U.S. Interior Needs To Strengthen Fracking Rules: Lawmakers
Author: Ayesha Rascoe
U.S. Democrats in the House of Representatives urged the Obama administration on Wednesday to expand proposed regulations for fracking for natural gas, saying companies should be required to reveal the chemicals to be used in the process prior to drilling.
Calling the Interior Department's draft rules for fracking on federal lands "a good first step," a group of 38 lawmakers called for disclosure of chemicals before and after drilling takes place.
"Increasing transparency by requiring the disclosure of all chemicals used in the hydraulic fracturing process is an important start to what we hope will be broader, comprehensive energy development policies that will embrace best practices for both traditional and renewable energy development," the lawmakers said in a letter to the Interior Department.
The letter was spearheaded by Representatives Maurice Hinchey, Diana DeGette, Jared Polis and Raúl Grijalva, all proponents of tighter regulation of the fracking drilling technique.
The appeal from Democrats ratchets up pressure on the Obama administration, which has tried to walk a fine line between backing rapidly increase shale gas production and responding to environmental concerns about the development.
When the Interior Department unveiled its long-awaited update to decades-old fracking rules in early May, critics immediately pounced on the administration's decision to require disclosure of the chemicals used in fracking only after drilling has taken place.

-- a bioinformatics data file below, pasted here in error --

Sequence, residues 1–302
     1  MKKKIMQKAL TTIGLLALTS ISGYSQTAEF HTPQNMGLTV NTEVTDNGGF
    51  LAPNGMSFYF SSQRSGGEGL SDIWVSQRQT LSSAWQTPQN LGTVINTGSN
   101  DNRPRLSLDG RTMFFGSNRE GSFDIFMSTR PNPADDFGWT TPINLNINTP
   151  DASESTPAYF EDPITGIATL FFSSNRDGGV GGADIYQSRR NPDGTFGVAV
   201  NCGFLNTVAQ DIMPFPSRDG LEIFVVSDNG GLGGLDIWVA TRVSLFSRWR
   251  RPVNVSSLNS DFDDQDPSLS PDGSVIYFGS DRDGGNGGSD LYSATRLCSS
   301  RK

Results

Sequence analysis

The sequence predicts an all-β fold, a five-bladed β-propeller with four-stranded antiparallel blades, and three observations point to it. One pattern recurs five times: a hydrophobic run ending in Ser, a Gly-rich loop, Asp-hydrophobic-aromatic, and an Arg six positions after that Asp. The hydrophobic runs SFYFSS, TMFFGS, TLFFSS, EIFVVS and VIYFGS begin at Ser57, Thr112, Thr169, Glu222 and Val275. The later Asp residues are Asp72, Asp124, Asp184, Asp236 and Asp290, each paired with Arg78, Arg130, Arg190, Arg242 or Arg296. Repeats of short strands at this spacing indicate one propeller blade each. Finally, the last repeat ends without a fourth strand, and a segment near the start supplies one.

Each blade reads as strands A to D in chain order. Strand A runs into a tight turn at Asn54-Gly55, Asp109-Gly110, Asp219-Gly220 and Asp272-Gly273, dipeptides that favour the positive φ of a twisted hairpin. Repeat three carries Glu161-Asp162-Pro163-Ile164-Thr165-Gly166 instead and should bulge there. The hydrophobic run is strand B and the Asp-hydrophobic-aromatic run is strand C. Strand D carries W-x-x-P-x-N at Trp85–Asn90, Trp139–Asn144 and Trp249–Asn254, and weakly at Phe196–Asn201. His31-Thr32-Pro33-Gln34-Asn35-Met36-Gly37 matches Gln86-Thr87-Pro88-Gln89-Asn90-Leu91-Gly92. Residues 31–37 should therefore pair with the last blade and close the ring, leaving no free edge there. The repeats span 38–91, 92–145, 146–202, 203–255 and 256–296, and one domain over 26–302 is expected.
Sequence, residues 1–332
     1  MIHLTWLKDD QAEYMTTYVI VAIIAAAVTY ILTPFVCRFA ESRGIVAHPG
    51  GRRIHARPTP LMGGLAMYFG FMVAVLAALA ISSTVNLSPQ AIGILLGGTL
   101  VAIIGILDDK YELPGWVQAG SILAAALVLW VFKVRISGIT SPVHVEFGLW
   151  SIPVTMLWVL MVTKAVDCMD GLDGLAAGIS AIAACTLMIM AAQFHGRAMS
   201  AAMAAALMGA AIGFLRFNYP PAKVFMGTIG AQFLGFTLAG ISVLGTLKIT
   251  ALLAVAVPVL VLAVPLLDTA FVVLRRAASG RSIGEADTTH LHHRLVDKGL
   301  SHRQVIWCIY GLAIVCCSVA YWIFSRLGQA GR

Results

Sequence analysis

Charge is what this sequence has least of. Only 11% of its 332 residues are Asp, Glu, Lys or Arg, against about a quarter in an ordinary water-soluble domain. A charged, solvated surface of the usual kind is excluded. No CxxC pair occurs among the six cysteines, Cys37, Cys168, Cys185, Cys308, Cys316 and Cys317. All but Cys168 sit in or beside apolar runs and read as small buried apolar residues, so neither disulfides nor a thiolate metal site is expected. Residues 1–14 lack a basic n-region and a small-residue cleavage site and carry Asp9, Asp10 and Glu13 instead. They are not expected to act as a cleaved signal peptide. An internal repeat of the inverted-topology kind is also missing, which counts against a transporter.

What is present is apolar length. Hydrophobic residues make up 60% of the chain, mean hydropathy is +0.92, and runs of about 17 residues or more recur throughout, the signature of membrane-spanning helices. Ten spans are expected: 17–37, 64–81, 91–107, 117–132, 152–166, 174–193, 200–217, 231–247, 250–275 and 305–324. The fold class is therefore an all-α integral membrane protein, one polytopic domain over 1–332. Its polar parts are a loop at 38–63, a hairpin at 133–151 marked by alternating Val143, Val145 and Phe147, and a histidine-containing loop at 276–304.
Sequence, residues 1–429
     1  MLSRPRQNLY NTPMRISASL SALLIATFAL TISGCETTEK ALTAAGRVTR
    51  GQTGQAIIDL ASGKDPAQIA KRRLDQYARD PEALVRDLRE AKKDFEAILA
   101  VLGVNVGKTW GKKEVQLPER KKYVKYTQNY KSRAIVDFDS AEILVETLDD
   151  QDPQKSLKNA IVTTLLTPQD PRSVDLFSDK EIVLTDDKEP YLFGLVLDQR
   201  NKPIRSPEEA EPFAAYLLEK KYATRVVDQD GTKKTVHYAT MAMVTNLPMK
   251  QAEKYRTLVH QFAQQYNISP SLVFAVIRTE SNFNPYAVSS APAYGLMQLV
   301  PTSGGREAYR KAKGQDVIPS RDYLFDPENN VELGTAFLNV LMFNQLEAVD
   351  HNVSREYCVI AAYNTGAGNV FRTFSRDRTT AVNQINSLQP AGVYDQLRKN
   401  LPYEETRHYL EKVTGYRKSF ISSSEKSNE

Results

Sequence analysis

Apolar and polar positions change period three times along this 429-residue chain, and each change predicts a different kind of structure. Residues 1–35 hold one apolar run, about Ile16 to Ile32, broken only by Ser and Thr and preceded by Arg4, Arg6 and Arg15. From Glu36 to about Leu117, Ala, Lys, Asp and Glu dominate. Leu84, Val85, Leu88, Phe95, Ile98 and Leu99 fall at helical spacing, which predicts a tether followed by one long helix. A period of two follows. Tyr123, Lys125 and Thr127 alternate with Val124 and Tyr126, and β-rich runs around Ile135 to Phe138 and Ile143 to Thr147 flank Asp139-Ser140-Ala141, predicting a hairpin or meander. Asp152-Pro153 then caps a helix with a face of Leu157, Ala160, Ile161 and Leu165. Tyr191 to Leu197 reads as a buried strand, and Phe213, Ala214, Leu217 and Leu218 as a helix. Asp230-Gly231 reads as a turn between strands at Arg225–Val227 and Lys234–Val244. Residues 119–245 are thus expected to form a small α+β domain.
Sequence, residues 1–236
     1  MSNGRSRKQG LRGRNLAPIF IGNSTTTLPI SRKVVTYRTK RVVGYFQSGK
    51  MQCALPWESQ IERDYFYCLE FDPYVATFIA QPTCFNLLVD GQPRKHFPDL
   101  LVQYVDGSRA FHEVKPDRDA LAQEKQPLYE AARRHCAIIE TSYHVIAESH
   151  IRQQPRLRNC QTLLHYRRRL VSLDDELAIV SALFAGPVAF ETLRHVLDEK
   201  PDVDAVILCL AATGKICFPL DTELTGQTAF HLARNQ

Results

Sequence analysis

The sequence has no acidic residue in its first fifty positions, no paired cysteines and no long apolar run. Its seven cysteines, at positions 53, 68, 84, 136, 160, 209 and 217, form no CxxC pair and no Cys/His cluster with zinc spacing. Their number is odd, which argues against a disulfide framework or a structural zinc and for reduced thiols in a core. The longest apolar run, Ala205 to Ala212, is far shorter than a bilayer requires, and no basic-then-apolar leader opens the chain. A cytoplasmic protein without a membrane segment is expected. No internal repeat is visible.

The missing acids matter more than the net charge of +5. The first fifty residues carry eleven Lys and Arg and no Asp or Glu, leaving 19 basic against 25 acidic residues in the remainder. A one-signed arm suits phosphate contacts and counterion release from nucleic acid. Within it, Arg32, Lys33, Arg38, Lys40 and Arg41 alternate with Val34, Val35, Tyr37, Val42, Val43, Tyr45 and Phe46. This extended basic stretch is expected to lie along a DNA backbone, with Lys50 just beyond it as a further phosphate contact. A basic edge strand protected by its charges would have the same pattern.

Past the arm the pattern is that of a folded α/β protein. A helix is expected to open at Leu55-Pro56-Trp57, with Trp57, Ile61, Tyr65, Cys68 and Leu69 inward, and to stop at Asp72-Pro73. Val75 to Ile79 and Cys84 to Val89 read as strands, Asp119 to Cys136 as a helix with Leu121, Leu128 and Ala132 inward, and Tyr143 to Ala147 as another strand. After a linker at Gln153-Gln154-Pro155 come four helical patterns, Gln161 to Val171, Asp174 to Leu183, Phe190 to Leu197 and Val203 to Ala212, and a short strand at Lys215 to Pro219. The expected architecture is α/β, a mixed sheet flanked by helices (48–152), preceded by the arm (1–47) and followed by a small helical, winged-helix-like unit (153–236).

Environmental groups argued that communities need know what chemicals may be pumped into the ground before drilling happens so that water supplies can be monitored in real time.
Advances in hydraulic fracturing, which involves the injection of water, sand and chemicals underground to extract fuel, have unlocked vast reserves of shale oil and gas in the United States.
But, the expanded drilling has also provoked intense backlash from some environmental groups and neighbors of drilling sites.
Responding to concerns about transparency, some drilling companies have began voluntarily releasing more details about their wells to the public. Drilling companies have argued that regulation of fracking is best left to states and warned that overly burdensome regulations could hinder production.
The Interior Department has defended its rules, saying that requiring chemical disclosure before fracking has occurred would have caused unnecessary delays.
The department plans to make final the drilling rules by the end of the year.
Facing elections in November, the Obama administration has attempted to counter attacks from Republicans that it is hostile to fossil fuel industries by touting its support for America's rising oil and gas production.
In addition to reaching out to industry groups, the administration also gave drillers more time to comply with recently finalized air rules from the Environmental Protection Agency.
(Editing by M.D. Golan)